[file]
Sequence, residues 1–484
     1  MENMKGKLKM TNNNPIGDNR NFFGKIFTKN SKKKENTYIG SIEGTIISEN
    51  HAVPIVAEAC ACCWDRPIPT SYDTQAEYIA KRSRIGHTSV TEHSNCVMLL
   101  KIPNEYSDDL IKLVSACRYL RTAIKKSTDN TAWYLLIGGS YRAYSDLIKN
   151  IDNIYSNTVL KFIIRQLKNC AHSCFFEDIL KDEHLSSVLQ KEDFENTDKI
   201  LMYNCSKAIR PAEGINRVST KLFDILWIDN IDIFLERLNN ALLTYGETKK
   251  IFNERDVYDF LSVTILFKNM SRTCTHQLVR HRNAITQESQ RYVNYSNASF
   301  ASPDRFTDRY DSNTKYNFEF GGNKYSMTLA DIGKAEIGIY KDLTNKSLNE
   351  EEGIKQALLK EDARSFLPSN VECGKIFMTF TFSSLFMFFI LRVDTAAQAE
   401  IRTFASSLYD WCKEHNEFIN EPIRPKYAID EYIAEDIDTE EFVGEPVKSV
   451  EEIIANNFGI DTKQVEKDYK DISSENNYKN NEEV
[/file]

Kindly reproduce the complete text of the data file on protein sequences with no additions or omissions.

Sequence, residues 1–484
     1  MENMKGKLKM TNNNPIGDNR NFFGKIFTKN SKKKENTYIG SIEGTIISEN
    51  HAVPIVAEAC ACCWDRPIPT SYDTQAEYIA KRSRIGHTSV TEHSNCVMLL
   101  KIPNEYSDDL IKLVSACRYL RTAIKKSTDN TAWYLLIGGS YRAYSDLIKN
   151  IDNIYSNTVL KFIIRQLKNC AHSCFFEDIL KDEHLSSVLQ KEDFENTDKI
   201  LMYNCSKAIR PAEGINRVST KLFDILWIDN IDIFLERLNN ALLTYGETKK
   251  IFNERDVYDF LSVTILFKNM SRTCTHQLVR HRNAITQESQ RYVNYSNASF
   301  ASPDRFTDRY DSNTKYNFEF GGNKYSMTLA DIGKAEIGIY KDLTNKSLNE
   351  EEGIKQALLK EDARSFLPSN VECGKIFMTF TFSSLFMFFI LRVDTAAQAE
   401  IRTFASSLYD WCKEHNEFIN EPIRPKYAID EYIAEDIDTE EFVGEPVKSV
   451  EEIIANNFGI DTKQVEKDYK DISSENNYKN NEEV